Pix: Dr. Philip Yaw Bannor-Appellant/Defendant
A US Court of Appeal has detected the underestimation of value of marital property in a financial statement filed by Dr. Philip Yaw Bannor to a trial court.
Instead of $1,479,987, Dr. Bannor presented $837,955 in a financial statement to the trial court for the determination of a divorce suit against him.
The Court of Appeals of Tennessee at Knoxville, presided over by Judge Carma Dennis Mcgee on April 25, 2023 noted that the total amount of indebtedness of $837,955 owed to some banks as presented in the financial statement to the trial court was not correct because the said financial statement did not list the BB&T Line of Credit debt or the Bankers Healthcare Group debt.
“Even accounting for the omission of these debts in the total amount, the remaining debts added up to $1,112,915 making a total of $1.479 978 and not $837,955 as listed in Dr. Bannor’s statement of assets and liabilities”, it was stated in the Appellate court’s 21-page verdict.
In the opinion of the Court of Appeals, the trial court did not value the debts but only stated $837,955 as total amount of debt relying on the statement of the defendant, Dr. Bannor.
The Court of Appeal has therefore remanded the case between Dr. Philip Yaw Bannor and his estranged wife, Dora for further proceedings at the Judicial Circuit court for Hamilton County in the State of Tennessee.
The Court of Appeals, however, affirmed the decision of the lower court granting the divorce but vacated and remanded parts of the ruling of the trial court for further proceedings.
Judge Carma Dennis Mcgee joined by Judges John W. McClarty and W. Neal McBrayer, upheld the position of the trial court and granted the divorce on the grounds of “inappropriate marital conduct”.
Dora Bannor had in September 2017 filed a complaint for divorce alleging “irreconcilable differences and inappropriate marital conduct”.
The Judicial Circuit court for Hamilton County in the State of Tennessee in the United States of America on January 21, 2022 awarded majority of the real estate, estimated at $915,000 owed by Dr. and “Mrs.” Bannor in Ghana to the estranged wife.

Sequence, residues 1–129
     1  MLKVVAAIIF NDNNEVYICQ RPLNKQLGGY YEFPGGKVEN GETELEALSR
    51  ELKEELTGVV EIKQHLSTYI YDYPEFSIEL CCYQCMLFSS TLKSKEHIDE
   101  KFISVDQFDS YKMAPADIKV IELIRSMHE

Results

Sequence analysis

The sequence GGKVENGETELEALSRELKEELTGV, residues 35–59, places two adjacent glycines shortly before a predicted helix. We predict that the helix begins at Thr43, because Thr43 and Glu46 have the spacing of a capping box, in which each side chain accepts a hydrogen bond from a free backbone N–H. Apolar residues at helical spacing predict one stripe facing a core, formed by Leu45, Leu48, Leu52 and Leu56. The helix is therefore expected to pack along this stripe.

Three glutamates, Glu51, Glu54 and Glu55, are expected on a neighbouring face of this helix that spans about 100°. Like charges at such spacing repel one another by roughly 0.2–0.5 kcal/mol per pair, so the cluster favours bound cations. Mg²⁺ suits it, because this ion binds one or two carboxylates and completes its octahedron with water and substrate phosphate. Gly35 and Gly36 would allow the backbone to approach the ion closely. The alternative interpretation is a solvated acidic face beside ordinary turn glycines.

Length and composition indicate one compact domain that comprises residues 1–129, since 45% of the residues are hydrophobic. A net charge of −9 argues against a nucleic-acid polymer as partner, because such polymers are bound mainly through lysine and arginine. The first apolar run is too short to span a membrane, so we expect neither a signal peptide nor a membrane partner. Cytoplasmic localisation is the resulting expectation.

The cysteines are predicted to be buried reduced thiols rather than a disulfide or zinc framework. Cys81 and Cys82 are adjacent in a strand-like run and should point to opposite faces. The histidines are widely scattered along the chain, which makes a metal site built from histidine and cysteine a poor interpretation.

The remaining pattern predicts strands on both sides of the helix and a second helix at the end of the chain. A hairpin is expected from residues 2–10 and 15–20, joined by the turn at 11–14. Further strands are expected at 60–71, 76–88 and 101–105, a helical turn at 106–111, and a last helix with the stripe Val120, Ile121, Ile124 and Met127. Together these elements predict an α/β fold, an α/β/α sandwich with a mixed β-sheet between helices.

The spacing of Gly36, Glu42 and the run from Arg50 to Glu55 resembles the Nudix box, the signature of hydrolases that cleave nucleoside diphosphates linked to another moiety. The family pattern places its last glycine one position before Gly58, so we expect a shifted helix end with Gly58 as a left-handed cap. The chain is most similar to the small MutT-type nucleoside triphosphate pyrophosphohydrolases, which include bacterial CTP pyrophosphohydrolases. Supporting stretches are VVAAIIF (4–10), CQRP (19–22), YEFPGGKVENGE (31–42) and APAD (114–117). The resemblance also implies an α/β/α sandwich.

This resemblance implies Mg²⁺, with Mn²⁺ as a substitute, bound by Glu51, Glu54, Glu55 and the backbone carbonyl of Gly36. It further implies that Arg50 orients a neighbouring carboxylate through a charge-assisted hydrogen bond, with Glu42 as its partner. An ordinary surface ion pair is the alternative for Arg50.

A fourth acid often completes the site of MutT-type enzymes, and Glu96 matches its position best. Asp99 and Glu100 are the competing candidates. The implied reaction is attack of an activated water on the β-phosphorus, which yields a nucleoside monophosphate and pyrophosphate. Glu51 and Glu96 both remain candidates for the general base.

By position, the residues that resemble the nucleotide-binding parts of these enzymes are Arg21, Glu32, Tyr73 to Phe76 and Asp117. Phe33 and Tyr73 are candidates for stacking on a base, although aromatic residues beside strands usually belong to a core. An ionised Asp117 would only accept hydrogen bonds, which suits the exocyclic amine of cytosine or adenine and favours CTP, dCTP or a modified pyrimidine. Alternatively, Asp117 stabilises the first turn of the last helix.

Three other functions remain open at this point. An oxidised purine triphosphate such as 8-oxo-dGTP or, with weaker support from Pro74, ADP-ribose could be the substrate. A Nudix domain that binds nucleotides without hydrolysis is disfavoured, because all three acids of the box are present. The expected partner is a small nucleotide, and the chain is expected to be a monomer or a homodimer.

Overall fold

The said estate include a Kwaming château, Pokuase House, a House at Medoma in Kumasi, two developed plots and four undeveloped plots at Prampram all estimated at $915,000, according to a verified Statement of Assets and Liabilities filed by Dr. Bannor before the court on September 4, 2020.
Judgment was also entered in favour of Dora Bannor on account that Dr. Bannor absconded to Ghana with most of the family’s money and allowed the family home to go into foreclosure.
The trial court ordered that all marital property in the US be awarded to Dora Bannor and that all marital liabilities are the responsibility of Dr. Philip Bannor.
The Registrar of the Health Facilities Regulatory Agency (HeFRA) is also to pay a total of $2,686 which had accumulated to $4,378.00 plus interest in arrears of child support as well as a monthly alimony of $1,000 to be paid to Dora Bannor from the Medical Clinic owned by Dr. Bannor in Hamilton County in Tennessee in the US.
The entire Vanguard account of the value of $185,000 as at January 2019 has also been awarded to Dora Bannor.
In respect of the over $300,000 of marital assets, Dr. Bannor invested in Menzgold which act was regarded as a “theft”, the court ordered that the value should be divided equally to the parties if the investment is liquidated.
The court also upheld that each party should keep household furnishings and motor vehicles in their possession.
However the Appeals Court has vacated the decision of the trial court on division of marital property and award of alimony noting that the trial court failed to make sufficient findings and referred the parties to the trial court to make additional findings regarding parties property and debt, both separate and marital and valuation for necessary division.
The Appeals Court therefore directed that the trial court reopens the proof on the question of alimony. It also directed that costs of the appeal are to be taxed equally between the parties.
BY Kow Richardson